Classic to-do lists don't work

Future generations won't look back kindly on what 2020 considered to be great todo list options. The evidence lies in the "nether regions" of the todo list -- that final 5-10% where unpleasant tasks loiter like teenagers once did at the mall. If you experience continued difficulty finishing your last few tasks, you have an opportunity waiting to be seized.

What makes the current generation of todo lists so bad? In a nutshell, everything. Most damningly, they draw failure out of those with good intent, sapping the willpower of determined practitioners. As a group, todo list users possess impressive reserves of energy, discipline, even intermittent willpower. And yet, todo lists are constantly aborted as they eke toward their natural final state: a sad chronicle of broken intentions.

It doesn't have to be this way. Even if you don't use Amplenote, you can use the ideas in this article to multiply your productive output. The first step is to identify & set aside what is broken with your current todo list. The second step is to lend your future self a hand. Finally, a great todo list system needs to proactively help you identify what to discard. The possible upside? That you can juggle 10x more possible tasks (💡🚀📈) while keeping a shorter visible list and using less brainpower overall. It starts by tossing out everything that sucks about classic todo lists.


linkThe problem with a classic todo list is everything

Both data and intuition agree: humans are ill-equipped to process the 21st century-volume of distraction. The todo list seems like the perfect opportunity to sift through the multitude of signals we have bombarding us. Using a system like GTD, one captures their deluge of incoming tasks in a todo list, where it's poised to get done.

And yet... after "task capture," every aspect of getting things done is a struggle with classic todo lists:

🕵️ What is it? Often times, when an idea arrives it comes as a twinkle of something interesting. You might want to trash it, you might want to schedule it, you might want to wait until later to decide. Which is which? Related: when to recast big, stagnant tasks into bite-sized pieces that can be scheduled?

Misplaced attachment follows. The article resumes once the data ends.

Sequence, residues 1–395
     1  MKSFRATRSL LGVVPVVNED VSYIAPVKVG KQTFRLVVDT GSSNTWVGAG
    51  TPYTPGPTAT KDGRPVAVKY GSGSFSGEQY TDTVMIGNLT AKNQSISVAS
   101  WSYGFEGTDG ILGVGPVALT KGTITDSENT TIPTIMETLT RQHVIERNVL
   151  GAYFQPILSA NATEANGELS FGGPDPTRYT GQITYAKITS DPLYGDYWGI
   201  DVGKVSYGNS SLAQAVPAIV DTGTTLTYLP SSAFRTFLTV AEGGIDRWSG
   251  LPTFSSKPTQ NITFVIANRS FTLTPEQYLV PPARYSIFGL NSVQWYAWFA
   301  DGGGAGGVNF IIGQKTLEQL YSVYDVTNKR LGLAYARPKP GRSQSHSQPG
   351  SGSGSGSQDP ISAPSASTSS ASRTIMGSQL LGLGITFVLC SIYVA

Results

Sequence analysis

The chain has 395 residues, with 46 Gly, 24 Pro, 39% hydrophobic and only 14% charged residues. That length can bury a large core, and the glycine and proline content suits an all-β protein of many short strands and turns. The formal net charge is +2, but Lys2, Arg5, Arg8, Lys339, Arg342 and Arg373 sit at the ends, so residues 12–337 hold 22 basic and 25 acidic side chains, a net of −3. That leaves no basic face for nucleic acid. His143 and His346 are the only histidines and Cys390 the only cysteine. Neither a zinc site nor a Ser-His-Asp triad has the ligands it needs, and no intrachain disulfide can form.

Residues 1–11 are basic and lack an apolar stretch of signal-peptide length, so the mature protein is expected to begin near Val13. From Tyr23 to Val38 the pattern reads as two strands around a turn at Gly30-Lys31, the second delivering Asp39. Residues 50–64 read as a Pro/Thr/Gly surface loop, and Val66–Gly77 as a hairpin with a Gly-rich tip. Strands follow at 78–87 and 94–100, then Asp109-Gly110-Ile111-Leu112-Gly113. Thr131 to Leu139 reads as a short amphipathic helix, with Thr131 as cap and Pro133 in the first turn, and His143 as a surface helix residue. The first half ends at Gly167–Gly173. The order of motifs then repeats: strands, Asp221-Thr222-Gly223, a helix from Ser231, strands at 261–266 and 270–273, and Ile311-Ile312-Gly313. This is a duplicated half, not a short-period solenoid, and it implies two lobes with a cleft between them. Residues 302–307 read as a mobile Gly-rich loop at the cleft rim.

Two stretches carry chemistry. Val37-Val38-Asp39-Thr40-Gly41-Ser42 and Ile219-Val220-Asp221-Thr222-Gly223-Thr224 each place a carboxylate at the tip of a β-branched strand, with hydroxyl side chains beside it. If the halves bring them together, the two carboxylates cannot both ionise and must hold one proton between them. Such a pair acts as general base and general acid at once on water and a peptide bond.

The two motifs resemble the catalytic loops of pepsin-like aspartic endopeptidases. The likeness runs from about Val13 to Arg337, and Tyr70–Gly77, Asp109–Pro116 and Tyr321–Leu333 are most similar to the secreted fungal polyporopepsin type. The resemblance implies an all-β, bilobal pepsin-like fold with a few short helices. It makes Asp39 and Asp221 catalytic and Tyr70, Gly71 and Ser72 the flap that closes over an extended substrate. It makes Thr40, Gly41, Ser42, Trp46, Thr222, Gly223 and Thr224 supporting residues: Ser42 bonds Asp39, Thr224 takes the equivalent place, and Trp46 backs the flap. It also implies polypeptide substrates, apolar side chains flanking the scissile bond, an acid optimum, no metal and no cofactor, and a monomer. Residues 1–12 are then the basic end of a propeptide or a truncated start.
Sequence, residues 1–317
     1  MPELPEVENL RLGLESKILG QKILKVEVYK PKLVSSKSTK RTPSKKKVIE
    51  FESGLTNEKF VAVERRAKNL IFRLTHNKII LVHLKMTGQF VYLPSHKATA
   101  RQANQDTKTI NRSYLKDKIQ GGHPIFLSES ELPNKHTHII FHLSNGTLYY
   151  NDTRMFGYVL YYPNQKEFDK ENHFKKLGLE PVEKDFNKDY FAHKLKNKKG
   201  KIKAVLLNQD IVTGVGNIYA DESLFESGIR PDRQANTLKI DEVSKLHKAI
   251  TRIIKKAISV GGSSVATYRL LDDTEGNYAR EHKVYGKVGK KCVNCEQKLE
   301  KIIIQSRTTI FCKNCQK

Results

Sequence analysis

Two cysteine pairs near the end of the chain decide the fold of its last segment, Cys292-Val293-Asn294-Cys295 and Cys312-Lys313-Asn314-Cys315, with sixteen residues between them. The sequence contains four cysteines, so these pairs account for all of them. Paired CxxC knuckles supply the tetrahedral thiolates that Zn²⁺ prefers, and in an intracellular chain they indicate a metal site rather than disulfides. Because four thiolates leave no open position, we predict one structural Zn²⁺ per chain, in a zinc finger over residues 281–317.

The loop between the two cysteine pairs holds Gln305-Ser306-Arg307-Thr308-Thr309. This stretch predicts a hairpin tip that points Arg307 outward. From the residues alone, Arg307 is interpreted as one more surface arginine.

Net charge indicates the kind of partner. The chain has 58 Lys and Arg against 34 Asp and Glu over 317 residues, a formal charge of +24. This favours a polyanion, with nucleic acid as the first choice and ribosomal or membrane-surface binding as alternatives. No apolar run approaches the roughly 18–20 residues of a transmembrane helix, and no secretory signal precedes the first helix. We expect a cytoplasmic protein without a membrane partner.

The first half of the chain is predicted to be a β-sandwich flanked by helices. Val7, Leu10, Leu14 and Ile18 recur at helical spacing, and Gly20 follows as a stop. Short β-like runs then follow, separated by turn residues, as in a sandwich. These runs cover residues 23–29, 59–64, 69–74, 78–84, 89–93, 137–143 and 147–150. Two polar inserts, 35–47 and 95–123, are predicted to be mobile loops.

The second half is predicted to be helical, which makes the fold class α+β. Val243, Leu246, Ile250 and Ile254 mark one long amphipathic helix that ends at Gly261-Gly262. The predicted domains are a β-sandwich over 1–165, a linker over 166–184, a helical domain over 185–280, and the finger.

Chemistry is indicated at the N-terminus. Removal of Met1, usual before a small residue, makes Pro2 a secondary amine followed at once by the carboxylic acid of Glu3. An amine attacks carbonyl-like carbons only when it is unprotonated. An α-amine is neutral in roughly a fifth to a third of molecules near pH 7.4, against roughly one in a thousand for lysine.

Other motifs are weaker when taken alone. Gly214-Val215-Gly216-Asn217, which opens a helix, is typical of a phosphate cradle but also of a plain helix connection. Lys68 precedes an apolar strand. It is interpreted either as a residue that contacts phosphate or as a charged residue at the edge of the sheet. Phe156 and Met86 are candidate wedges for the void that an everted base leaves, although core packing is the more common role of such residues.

🗓️ When to work on it? It's one thing to know that X ought to get done. It's another thing to figure out when to do X. There's always something more recent (easily mistaken for urgent) to tend to.

🗄️ Where to put it? Life does not take place on a single axis. At any given time, we're juggling ambitions that span career, family, hobbies, community, etc. How to translate a many-dimensional life to a single-dimensional calendar (where the task gets done)?

🥇 How should its relative priority be decided? In a classic todo list, it's unclear what to start on today. The longer the list, the more time it takes to consider each task's merits and pick a winner.

And perhaps most importantly...

🗑️ When to give up on it? The accumulation of no-longer-relevant "barnacle tasks" from months past are the leading source of giving up on a todo list altogether. The classic todo list only metastasizes with time.

"Todo lists" promised a tool purpose-built to capture our best ideas so they'd get done. What we got was irrelevant calendar nags, and grounds to question the tenacity of our character. Not cool, list, not cool.

linkThe user contribution: constantly mixing up "important" & "urgent" with "recent"

While the impotence of todo lists is problematic, there's enough blame left over to share some with the user. The most common problem with todo list users? Our ongoing refusal to pick apart what is "important" or "urgent" from what is merely "recent." Many todo list apps offer a single "Starred" or "Priority" designation for tasks that conflates the three concepts, making things worse. This matters when considering how a classic todo list accumulates garbage over time: